The UK’s spending on global aid will not return to its previous level of 0.7 per cent of national income until the economy has recovered from the “battering” from coronavirus, foreign secretary Dominic Raab has told MPs.
Mr Raab was unable to provide a fixed level of debt or deficit would would allow a return to the United Nations target – enshrined in law by David Cameron in 2015 – and said it would have to “compete” with other demands on government spending.
His comments will alarm development charities who fear that the temporary move to 0.5 per cent announced by chancellor Rishi Sunak last November may effectively become permanent as the country continues to struggle with the fallout from Covid-19.
Mr Raab today announced allocations of funding totalling just under £10bn for 2021/22, down sharply from £15bn under the previous commitment.
A former senior law officer warned that the cut will be illegal unless the government passes legislation to override its statutory duties – something which would expose ministers to a potential rebellion by backbench Tories.
Lord Garnier, who served as solicitor general in Mr Cameron’s government, said that Boris Johnson is under “a clear legal obligation” to uphold the binding target until the law is changed.
“Until parliament changes that law on the statutory duty to meet the 0.7 per cent target, the government must aim to hit it,” the Tory peer wrote in a letter to the Commons International Development Committee.
“It cannot deliberately aim off or fire blanks… It cannot legitimise a failure to hit the target by announcing in advance its intention to fail.
“Whilst accepting that for the Foreign Secretary deliberately to breach his statutory duty to meet the 0.7 per cent target will not lead to his prosecution, it would nonetheless be unlawful and something for which he could be held to account by parliament. It would do neither his reputation as a lawyer nor the government’s domestic or international standing any good to be seen once again to be flouting a clear legal obligation.”
Speaking as he became the first foreign secretary ever to address the committee on Tuesday, following the merger of the Department for International Development into the Foreign Office, Mr Raab said he would “look carefully” at Lord Garnier’s letter, but insisted that the issue was “difficult and complex”. A decision on how to proceed would come “in due course”, he said.
“I’m not flouting the law,” Mr Raab told the cross-party committee. “There are different views on it.”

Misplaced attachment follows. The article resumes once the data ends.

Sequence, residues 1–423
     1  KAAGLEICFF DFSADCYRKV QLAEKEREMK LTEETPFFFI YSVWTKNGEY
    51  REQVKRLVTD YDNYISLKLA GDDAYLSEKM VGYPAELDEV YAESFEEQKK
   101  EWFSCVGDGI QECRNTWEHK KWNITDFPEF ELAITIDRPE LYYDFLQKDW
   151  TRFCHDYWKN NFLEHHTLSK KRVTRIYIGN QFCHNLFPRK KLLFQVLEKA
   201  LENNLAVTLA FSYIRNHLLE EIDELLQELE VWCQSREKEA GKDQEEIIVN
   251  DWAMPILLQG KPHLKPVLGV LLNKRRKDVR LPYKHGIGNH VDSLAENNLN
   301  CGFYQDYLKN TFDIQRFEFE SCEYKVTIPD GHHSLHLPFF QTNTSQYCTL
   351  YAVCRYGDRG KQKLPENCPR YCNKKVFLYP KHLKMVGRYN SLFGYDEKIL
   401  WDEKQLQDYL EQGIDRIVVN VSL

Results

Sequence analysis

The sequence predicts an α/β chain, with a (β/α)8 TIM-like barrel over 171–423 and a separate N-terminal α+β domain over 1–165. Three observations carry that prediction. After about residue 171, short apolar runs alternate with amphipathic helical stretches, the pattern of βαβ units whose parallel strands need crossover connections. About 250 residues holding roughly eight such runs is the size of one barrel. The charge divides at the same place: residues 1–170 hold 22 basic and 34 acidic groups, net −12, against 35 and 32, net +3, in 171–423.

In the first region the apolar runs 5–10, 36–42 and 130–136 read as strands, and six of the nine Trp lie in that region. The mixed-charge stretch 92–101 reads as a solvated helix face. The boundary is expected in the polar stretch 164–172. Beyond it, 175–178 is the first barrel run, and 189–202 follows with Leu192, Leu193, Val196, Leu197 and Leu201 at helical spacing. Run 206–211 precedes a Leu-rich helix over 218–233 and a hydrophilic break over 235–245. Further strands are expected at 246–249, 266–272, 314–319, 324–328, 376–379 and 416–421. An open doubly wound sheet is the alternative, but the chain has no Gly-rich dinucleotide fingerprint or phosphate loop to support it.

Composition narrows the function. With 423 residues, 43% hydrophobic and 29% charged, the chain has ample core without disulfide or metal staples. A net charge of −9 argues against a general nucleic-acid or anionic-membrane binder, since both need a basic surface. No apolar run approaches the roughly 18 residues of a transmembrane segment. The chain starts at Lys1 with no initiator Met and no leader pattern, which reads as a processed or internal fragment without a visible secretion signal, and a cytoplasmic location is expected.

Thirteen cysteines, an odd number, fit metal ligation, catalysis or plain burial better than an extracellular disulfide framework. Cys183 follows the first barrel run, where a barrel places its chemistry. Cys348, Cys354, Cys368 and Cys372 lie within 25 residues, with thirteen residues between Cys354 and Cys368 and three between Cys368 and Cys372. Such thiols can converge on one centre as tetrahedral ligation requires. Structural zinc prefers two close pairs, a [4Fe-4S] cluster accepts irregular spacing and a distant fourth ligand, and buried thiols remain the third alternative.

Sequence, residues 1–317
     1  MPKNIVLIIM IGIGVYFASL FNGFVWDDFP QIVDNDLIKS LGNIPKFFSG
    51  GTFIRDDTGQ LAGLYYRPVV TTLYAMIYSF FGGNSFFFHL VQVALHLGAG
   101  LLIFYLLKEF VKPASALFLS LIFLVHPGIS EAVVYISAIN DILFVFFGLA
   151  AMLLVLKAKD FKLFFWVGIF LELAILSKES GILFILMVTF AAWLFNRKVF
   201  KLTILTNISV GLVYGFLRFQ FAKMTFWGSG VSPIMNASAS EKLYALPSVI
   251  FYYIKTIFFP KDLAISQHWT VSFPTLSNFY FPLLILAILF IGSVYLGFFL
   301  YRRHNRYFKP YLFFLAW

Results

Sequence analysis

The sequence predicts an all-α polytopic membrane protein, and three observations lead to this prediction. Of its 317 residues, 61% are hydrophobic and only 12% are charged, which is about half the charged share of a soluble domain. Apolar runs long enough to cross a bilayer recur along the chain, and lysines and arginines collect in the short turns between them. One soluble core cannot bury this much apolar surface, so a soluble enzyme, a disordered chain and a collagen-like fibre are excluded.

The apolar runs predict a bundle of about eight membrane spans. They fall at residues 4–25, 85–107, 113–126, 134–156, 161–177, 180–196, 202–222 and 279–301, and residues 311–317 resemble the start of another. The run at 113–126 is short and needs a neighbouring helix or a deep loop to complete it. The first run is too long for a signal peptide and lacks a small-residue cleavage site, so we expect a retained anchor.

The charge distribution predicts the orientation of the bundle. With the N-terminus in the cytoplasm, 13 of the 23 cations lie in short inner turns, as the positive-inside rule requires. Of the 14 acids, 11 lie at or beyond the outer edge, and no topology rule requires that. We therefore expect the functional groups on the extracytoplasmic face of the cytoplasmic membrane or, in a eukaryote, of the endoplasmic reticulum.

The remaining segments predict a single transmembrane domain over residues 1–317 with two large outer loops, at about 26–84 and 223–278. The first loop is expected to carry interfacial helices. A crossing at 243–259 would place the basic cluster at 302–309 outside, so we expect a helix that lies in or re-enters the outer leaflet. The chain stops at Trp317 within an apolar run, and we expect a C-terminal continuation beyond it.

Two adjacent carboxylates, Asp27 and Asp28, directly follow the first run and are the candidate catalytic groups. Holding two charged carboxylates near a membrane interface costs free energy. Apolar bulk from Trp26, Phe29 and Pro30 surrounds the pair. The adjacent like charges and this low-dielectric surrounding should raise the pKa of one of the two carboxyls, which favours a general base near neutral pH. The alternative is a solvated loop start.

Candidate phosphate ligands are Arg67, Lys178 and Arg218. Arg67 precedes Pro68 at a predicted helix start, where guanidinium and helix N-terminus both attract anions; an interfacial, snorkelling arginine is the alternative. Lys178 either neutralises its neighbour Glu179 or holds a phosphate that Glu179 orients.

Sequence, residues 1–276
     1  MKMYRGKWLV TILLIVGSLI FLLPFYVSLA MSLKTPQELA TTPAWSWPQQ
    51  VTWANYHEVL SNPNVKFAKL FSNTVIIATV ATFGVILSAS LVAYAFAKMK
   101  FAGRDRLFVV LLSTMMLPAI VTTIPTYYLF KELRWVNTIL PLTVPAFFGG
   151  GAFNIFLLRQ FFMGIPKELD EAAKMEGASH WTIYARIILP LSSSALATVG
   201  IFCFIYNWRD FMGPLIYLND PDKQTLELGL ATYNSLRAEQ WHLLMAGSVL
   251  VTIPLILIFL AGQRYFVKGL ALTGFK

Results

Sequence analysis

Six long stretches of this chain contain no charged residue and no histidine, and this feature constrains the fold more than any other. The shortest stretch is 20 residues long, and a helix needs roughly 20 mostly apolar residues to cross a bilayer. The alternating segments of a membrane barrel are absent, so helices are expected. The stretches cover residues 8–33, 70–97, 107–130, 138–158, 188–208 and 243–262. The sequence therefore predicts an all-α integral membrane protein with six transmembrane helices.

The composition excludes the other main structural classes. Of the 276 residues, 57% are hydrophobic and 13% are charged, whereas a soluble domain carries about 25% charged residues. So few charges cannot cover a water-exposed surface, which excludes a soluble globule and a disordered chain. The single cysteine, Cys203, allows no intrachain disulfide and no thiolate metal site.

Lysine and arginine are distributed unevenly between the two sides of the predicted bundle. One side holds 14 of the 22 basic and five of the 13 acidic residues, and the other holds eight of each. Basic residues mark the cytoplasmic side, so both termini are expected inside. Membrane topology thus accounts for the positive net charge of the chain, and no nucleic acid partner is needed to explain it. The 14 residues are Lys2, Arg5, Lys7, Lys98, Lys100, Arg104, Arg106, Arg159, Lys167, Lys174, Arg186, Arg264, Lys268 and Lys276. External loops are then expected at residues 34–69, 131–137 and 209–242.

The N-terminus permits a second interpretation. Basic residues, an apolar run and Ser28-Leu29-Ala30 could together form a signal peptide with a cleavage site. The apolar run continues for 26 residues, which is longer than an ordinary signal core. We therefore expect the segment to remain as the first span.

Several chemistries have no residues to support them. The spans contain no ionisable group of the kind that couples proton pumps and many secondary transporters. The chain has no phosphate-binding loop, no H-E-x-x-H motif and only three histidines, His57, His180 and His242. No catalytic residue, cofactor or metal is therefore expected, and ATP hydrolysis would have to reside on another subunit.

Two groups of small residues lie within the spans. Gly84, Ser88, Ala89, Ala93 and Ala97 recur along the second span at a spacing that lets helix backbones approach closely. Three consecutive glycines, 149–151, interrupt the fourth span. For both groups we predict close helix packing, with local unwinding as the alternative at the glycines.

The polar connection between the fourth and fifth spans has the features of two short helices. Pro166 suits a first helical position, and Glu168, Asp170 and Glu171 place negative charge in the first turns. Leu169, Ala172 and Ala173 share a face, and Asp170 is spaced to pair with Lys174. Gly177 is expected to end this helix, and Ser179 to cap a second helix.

He dismissed as “nonsense” the idea that ditching the commitment to meet the United Nations 0.7 per cent target had damaged the UK’s reputation overseas and said Britain should not “self-flagellate” over its decision.
But asked when Britain will return to the UN target, he was unable to give a date.
“Ultimately, I would want to talk to the chancellor about that,” Mr Raab told the committee. “It is difficult to give you the precise metrics we will have to see in terms of the public finances.
“There’s been a big structural hit to the public finances as a result of coronavirus. It will be contingent on us being able to correct that.
“Obviously, as secretary of state, I want to see us get back there as soon as possible and that’s also the view of both the prime minister and chancellor of the exchequer.”
He said it was not possible to give a precise deficit or debt level at which the UK would once again be able to afford 0.7 per cent of national income for aid, and suggested that a return to the UN target would depend on financial pressures from other government priorities.
“It will be a mix of art and science,” he told the committee. “Of course there will be competing pressures both domestically and internationally on a shrunken fiscal envelope.
“The question will be contingent on how quickly the economy rebounds… We have got to be confident that we have recovered from the fiscal battering Covid has wreaked on the economy and the public finances.”
In a written statement to parliament, Mr Raab said that overseas development assistance spending would in future focus on the priorities of climate and biodiversity; Covid and global health security; girls’ education; science and research; defending open societies and resolving conflict; humanitarian assistance; and promoting trade.
He told the committee that he wanted ODA cuts to be implemented according to strategic priorities, rather than subject to “salami-slicing” across the piece.